Reviews Manchester Published 18 October 2011


Royal Exchange ⋄ 12th October - 5th November 2011

Moral cowardice and complicity.

John Murphy

It’s an age old question: how do ostensibly decent people become complicit in events so horrific they almost defy definition? It’s something that’s been tackled in many art forms over the years, but CP Taylor’s best known work, written in 1981, attempts to answer the question with an almost bewildering degree of intensity.

Good centres around the figure of liberal Professor John Halder, whose report on euthanasia catches the eye of Adolf Hitler. He slowly and inexorably becomes dragged deeper into the Nazi Party while also dealing with issues in his personal life: an unhappy marriage, a mother suffering with senile dementia, an obsession with a young, attractive student and his relationship with his best friend, a Jewish man called Maurice becoming increasingly terrified by the power of the Third Reich.

Polly Findlay’s take on Taylor’s play is a startling, almost hallucinatory one. The first half in particular is head-spinning: scenes overlap, timelines zip back and forth, the cast of characters is introduced with bewildering speed, and every so often there’s a musical interlude. It’s disorientating but incredibly compelling.

As Halder, Adrian Rawlins is on stage for the entirety of the production – he gives an incredible performance, effortlessly switching between dialogue with other characters, internal monologues and the odd aside to the audience. He’s a difficult character to have sympathy with: cowardly, and attempting to justify his actions so much he ends up blaming the very people he’s helping to persecute. Yet the combination of Taylor’s writing, Findlay’s direction and Rawlins’ performance means that he never becomes a cartoon villain.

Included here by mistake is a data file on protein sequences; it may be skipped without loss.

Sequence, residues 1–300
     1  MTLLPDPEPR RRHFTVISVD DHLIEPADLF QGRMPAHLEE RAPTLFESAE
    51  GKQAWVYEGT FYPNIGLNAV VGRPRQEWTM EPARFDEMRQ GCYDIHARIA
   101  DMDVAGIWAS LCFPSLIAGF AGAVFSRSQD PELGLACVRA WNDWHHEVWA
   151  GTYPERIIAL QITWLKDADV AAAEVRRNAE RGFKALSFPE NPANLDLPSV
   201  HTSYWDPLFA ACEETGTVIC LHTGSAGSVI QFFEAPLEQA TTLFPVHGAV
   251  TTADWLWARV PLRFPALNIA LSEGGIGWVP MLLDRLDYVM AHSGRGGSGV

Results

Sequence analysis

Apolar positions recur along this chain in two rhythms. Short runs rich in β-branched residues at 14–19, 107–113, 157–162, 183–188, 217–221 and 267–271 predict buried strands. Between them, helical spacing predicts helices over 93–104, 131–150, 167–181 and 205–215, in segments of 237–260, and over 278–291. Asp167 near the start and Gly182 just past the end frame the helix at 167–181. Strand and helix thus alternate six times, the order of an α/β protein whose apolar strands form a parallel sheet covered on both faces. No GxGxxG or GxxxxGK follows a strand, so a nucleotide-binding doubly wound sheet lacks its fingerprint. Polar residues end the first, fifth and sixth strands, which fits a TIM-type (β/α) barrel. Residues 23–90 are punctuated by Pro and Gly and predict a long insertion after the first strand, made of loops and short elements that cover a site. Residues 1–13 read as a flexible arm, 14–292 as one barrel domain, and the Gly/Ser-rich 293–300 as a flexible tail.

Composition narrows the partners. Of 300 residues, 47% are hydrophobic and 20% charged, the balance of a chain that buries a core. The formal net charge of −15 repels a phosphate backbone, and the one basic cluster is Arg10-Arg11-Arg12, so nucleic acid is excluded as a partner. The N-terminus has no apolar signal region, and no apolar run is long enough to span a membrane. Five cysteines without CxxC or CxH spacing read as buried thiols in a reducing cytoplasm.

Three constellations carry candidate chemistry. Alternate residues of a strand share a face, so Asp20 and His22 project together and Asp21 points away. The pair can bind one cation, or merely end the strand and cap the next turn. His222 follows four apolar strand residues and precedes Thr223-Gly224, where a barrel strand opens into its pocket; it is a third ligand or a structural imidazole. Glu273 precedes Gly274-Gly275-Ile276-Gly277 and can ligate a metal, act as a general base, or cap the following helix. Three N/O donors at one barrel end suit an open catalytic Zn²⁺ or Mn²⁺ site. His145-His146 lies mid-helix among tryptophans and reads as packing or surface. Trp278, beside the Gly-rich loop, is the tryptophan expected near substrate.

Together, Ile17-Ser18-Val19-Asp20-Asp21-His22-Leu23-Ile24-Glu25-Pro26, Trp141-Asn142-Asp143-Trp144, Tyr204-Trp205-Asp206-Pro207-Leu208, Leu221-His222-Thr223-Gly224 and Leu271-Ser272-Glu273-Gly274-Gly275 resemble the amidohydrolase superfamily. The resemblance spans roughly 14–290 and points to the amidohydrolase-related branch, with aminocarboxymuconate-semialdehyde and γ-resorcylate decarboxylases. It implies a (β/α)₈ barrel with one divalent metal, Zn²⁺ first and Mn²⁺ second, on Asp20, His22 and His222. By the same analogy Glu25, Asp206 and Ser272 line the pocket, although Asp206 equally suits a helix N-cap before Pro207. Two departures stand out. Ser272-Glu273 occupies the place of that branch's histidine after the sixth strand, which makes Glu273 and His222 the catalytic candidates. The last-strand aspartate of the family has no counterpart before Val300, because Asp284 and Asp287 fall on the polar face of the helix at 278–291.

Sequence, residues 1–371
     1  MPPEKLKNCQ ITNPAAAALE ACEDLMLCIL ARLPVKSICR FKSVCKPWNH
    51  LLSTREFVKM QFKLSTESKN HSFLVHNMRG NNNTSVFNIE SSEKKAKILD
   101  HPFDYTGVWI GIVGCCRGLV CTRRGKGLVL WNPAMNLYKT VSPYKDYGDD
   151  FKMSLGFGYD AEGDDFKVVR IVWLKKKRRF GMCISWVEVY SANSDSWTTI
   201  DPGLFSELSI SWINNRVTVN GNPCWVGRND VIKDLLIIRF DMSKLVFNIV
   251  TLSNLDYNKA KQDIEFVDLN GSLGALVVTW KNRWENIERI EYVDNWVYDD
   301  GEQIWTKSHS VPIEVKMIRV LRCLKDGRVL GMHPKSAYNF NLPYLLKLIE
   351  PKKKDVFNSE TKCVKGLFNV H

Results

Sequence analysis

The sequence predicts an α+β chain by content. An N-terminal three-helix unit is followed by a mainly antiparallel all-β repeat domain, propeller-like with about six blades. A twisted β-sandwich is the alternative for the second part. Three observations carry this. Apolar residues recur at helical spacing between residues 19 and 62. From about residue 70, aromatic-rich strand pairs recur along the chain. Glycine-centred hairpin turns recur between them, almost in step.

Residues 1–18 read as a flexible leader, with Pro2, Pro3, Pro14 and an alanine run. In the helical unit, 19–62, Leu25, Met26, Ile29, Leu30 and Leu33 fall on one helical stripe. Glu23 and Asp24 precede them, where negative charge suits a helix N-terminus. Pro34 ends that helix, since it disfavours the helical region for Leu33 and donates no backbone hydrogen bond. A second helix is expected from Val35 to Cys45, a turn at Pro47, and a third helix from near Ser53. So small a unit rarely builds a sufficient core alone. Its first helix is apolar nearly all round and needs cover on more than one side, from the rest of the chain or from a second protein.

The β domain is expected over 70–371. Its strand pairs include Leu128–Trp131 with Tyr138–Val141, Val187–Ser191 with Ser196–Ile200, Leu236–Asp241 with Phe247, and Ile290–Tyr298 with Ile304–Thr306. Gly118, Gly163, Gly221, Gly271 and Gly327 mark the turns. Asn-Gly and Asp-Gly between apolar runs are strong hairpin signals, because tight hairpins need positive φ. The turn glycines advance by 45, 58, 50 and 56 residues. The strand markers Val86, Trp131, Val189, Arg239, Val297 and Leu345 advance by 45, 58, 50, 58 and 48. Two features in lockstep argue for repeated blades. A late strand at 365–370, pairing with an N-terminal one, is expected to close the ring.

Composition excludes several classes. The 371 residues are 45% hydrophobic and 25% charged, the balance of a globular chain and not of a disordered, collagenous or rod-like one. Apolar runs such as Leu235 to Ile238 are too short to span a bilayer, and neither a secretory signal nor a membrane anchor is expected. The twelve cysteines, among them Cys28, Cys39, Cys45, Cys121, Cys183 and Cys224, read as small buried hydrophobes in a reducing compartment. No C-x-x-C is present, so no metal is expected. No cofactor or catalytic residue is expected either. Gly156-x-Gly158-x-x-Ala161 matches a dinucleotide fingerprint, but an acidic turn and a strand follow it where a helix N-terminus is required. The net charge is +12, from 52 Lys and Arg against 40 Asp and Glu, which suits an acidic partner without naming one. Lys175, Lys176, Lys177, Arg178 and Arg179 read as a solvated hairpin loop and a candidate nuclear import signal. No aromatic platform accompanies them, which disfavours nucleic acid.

He’s backed by an exemplary supporting cast, including a touching Kerry Shale as Maurice (very much acting as the voice of Halder’s conscience), a sad and resigned Madeline Worrall as Halder’s wife Helen and the excellent Janet Whiteside as his elderly mother. The musical interludes give a degree of much needed lightness, especially the climax of the first half featuring the full cast doing a song and dance routine, including Hitler clad in some natty plus-fours.

The second half is more sedate, but even more thought-provoking as we see the consequences of Halder’s actions. He becomes close to Adolf Eichmann, ordered to organise a book burning, turns against Maurice thanks to the constant stream of propaganda fed to him by Eichmann and eventually ends up at the gates of Auschwitz in full Nazi regalia. It’s a shocking descent, especially watching Halder’s former student Helen dress him and then say, almost absent-mindedly, “you look really handsome in that uniform”.

James Cotterill’s stage design is as typically inventive as ever, while Charles Balfour’s is incredibly atmospheric. This is an intense, thought-provoking revival, with issues that are still scarily relevant to today.


John Murphy

John is the former editor of, and current contributor to, musicOMH. He lives in Sheffield, in the shadow of the famous Crucible and Lyceum theatres, and also reviews in nearby Leeds and Manchester. John is also a huge fan of stand-up comedy, and can be often be found in one of Sheffield's comedy clubs, laughing like a madman.

Good Show Info

Directed by Polly Findlay

Written by C. P. Taylor

Cast includes Adrian Rawlins, Kerry Shale, Madeline Worrall, William Oxborrow, Beth Park, Janet Whiteside


Running Time 2hrs 20 mins (including interval)



Enter your email address below to get an occasional email with Exeunt updates and featured articles.